"The emotion of discovery is a profound and incomparable feeling"

Margarita Salas

Margarita Salas began a project on bacteriophages as a study model of molecular biology of morphogenesis, replication and transcription, after having worked in the United States with Severo Ochoa. On 18 April she was awarded an Honorary Doctorate by the UAB after being proposed for the award by the Faculties of Sciences and Biosciences.


Margarita Salas began a project at the CSIC Biological Research Centre on bacteriophages as a study model of molecular biology of morphogenesis, replication and transcription, after having worked in the United States with Severo Ochoa. She has dedicated over 50 years to understanding the molecular biology of Φ29, as well as discovering and characterising the Φ29 DNA polymerase, which has been of great use to genome studies.

Salas is the author of over 400 publications, 196 of which have been published in first-quartile journals (Journal Citation Reports) with 11,354 citations and an h-index of 55. She is also the inventor of the most profitable patent existing in Spain and has directed 33 PhD theses. Salas is member of the Royal Spanish Academy, the Royal Academy of Exact, Physical and Natural Sciences, of the American Academy of Arts and Sciences and of the National Academy of Sciences of the USA. Among other awards she has received the Santiago Ramón y Cajal National Research Award and the Grand Cross of the Civil Order of Alfonso X, the Wise.

Bacteriophages remain fairly unknown to the general public, can you tell us what they are and what applications they have?

Bacteriophages are viruses which infect bacteria and in doing so, destroy them. That is the meaning behind their name: they consume bacteria. The majority of bacteriophages are benign to humans, they are not a problem. They are bad for bacteria though, because they kill them. Today a lot of work is being done on phage therapy with the aim of killing bacteria. It is known that many bacteria are resistant to antibiotics. Phage therapy would be an alternative in getting rid of these bacteria. But in specific, bacteriophages have served as models to study molecular biology. In fact, molecular biology was born in the 1950s thanks to a group of researchers, known as the phage group, who were the ones to make basic discoveries in molecular biology thanks to using bacteriophages as model systems.

You were a member of this group.

When we returned from a three year postdoctoral stay at Severo Ochoa's laboratory in the United States, my husband Eladio Viñuela and I decided to study a bacteriophage as a model to develop and teach molecular biology in Spain. The one we chose was a small bacteriophage named Φ29, with the aim of studying it as much as we could at molecular level. This phage gave us many joys because soon we had discovered that its DNA contained a protein joined to its extremities which is needed to begin the duplication of viral genetic material. That represented a new mechanism with which to begin gene duplication. Later, we also found a DNA polymerase produced by the phage which turned out to have very important properties for biotechnology. It has been widely used and continues to be used in DNA amplification.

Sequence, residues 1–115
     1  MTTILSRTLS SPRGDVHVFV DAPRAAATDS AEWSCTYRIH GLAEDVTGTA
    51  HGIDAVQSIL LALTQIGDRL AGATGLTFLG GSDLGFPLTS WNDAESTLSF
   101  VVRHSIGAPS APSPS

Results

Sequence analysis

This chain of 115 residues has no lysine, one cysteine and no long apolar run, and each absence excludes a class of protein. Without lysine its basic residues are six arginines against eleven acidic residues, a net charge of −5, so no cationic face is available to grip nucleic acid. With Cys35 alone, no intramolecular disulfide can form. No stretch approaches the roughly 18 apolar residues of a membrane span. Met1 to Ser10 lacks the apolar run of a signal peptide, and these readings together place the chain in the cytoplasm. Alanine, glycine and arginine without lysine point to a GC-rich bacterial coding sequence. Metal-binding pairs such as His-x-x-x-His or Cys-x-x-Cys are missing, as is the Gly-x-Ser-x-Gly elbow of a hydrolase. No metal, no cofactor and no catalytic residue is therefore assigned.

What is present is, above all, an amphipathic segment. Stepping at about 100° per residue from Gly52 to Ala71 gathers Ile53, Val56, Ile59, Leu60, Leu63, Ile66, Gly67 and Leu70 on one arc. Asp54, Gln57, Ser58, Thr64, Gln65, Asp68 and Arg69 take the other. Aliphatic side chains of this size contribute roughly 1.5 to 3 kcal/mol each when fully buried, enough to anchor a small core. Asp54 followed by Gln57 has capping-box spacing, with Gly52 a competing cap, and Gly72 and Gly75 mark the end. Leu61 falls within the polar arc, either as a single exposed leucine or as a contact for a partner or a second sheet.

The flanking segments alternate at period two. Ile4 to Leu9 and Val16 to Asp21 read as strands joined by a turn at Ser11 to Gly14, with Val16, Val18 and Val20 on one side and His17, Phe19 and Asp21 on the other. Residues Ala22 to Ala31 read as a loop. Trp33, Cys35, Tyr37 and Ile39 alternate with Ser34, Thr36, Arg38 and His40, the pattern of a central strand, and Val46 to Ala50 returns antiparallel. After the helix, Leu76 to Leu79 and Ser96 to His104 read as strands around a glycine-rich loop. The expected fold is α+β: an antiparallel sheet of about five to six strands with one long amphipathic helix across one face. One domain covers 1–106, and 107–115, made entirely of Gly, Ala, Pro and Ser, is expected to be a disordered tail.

Severo Ochoa spoke to you about "the emotion of scientific discovery". How would you describe this feeling?

It is almost indescribable. It is a very deep feeling when you truly discovery something unknown, which has never been seen before, and what you feel is really something you cannot express with words. It is a profound and incomparable feeling.

You returned from the US, but today many scientists decide to stay abroad. What made you come back? And how can we stop this "talent drain"?

At the time when I travelled to the US, it was almost necessary to go to learn more because in Spain there was very little research into biochemistry. Molecular biology was unknown and therefore one had to leave, ideally to the United States to learn about molecular biology for example, which is what I was able to do in Severo Ochoa's laboratory. Today it is good for young people to go abroad and learn more, but it should not be so difficult to come back. It is really very hard for young people to return to this country. Here in Spain we are at the bottom of the European Union in funding for research. I have always said that more money must be put into research. That would obviously help those who leave to gain more training to return since there would be more job offers and more money for research.

Recently you helped to create the FAGOMA network which brings together researchers in bacteriophages in Spain.

Yes, my sponsor Montserrat Llagostera is one of the people forming part of this network. All of us who studied phages in Spain form part of it and we have yearly meetings in different locations. The next meeting will be at Alcala de Henares in October. The meetings are very interesting and help to exchange experiences among people studying phages as model systems.

Are there equal opportunities for men and women in research? And why is there no gender equality in positions of responsibility?

First of all, it must be said that the number of women at the start of their research career currently working on their PhD thesis is equal to or even surpasses the number of men. However, it is true that women have not reached positions of power, but I believe it is greatly due to the fact that we started later and reaching the top takes much time. In the near future I hope that women will occupy positions of the scientific world that correspond to their skills and efforts.


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